Former MP Denis MacShane has been jailed for six months for expenses fraud after admitting submitting 19 fake receipts amounting to £12,900.
He is the fifth MP to get a prison sentence after 2009's expenses scandal.
MacShane, 65, was a Labour MP for 18 years and served as Europe minister under Tony Blair between 2002 and 2005.
Mr Justice Sweeney said MacShane had "deliberately created misleading and deceptive invoices", and "considerable" dishonesty was involved.
Flanked by two security officers, MacShane, wearing a dark suit with a blue striped tie and glasses, said "cheers" as the sentence was delivered, before adding, "quelle surprise" as he was led from the dock.
The judge told the former Rotherham MP "you have no one to blame but yourself" after showing "a flagrant breach of trust" in "our priceless democratic system" with "the deception used... calculated and designed".
MacShane must serve at least half his sentence in prison. He was ordered to pay costs of £1,500 within two months.
MacShane had maintained that he did not profit from the money, saying the fake claims had covered legitimate expenditure on trips to Europe and that he had repaid the money.
The judge said in his sentencing remarks he accepted MacShane's contention that there was no personal profit made and said his case was different to other parliamentarians who had been sentenced to prison in connection with "wholly false" claims.
MacShane, he said, had incurred genuine expenses which he could have legitimately claimed for "but you chose instead to recoup by dishonest false accounting".
He said that however "chaotic" MacShane's record-keeping and general paperwork, "there was deliberate, oft repeated and prolonged dishonesty over a period of years".
Parliamentary authorities referred MacShane to Scotland Yard within months of MPs' expense claims being leaked to the Daily Telegraph, but the police initially decided not to take action against him.
The principle of parliamentary privilege meant detectives were not given access to correspondence with the parliamentary standards commissioner in which MacShane detailed how signatures on receipts from the European Policy Institute had been faked.
The institute was a body controlled by MacShane, and the general manager's signature was not genuine. One message, dated October 2009, said he drew funds from the Institute so he could serve on a book-judging panel in Paris.
It was not until after police dropped the case last year that the cross-party Standards Committee published the evidence in a report that recommended an unprecedented 12-month suspension from the House of Commons.
That led to the police reopening their investigation in November 2012, as a result of the new evidence coming to light.
Hoax call at BBC
MacShane was born Denis Matyjaszek in Glasgow but took his mother's maiden name early in his professional life.
He went on to study at Merton College, Oxford, before later getting a PhD in economics from Birkbeck College in London.
After university MacShane joined the BBC in 1969, working as a presenter and reporter in local radio. While at the BBC he failed in an attempt to get elected to Parliament, standing in October 1974 in Solihull.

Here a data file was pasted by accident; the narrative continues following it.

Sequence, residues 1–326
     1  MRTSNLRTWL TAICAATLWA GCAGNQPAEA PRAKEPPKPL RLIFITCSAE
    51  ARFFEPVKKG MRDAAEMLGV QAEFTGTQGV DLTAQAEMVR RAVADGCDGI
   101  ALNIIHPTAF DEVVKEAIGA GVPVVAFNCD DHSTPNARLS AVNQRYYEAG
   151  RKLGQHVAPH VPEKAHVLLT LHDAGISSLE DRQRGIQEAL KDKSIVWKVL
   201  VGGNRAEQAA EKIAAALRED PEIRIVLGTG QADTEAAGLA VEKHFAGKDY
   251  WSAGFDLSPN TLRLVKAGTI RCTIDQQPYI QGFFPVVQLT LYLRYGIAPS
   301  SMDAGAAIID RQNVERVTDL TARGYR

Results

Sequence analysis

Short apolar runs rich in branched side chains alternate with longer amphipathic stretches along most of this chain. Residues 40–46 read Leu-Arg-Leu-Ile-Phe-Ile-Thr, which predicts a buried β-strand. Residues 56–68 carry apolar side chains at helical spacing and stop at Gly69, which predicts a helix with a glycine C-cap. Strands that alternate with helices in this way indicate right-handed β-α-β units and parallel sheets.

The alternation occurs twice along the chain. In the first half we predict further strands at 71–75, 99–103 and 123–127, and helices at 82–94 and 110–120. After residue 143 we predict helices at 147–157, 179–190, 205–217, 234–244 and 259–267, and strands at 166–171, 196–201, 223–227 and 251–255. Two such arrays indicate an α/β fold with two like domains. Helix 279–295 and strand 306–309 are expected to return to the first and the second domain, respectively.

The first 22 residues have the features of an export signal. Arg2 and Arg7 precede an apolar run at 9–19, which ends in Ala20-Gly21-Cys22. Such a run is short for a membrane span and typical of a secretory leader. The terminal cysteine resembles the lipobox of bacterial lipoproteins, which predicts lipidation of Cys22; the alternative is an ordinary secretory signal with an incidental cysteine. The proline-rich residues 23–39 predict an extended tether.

His career at the BBC ended after eight years years when he was forced to resign after making a hoax call to a programme accusing the former Conservative home secretary Reginald Maudling of being a crook.
He bounced back to become president of the National Union of Journalists and in the 1980s, he worked as policy director of the Geneva-based International Metalworkers Federation.
In that role he travelled to a variety of different countries to support pro-democracy movements, including Poland's Solidarity movement - an involvement which led to a brief spell in prison in Warsaw.
He has written a number of books, including ones about Solidarity, former French President Francois Mitterrand, Kosovo and Ted Heath.
MacShane, who founded the European Policy Institute in 1992, became an MP in 1994 when he was elected as Labour MP for Rotherham.
He was best known in government for his pro-European views during Tony Blair's second term as PM, but he was sacked after the 2005 election.
Although he said he had no idea why he lost his job, remarks in which he had described Gordon Brown's tests for joining a single currency as a "giant red herring" were thought to have played a part.
MacShane initially denied the comments, made to students in Durham, but they were recorded and played back live on TV.
Made a privy counsellor in 2005 he became a UK delegate to both the Council of Europe and the Nato Parliamentary Assembly and went on to chair the inquiry panel of the All-Party Parliamentary Group against Anti-Semitism.
MacShane, who has four children from two marriages, spoke out against phone hacking and received £32,500 in damages from News International for his privacy being breached after his daughter Clare - whose mother was the TV newsreader Carol Barnes - died in a skydiving accident in 2004.
Four other MPs and two peers have been sent to prison as a result of the expenses revelations from 2009. One further MP, Labour's Margaret Moran was given a supervision order instead after suffering mental health problems.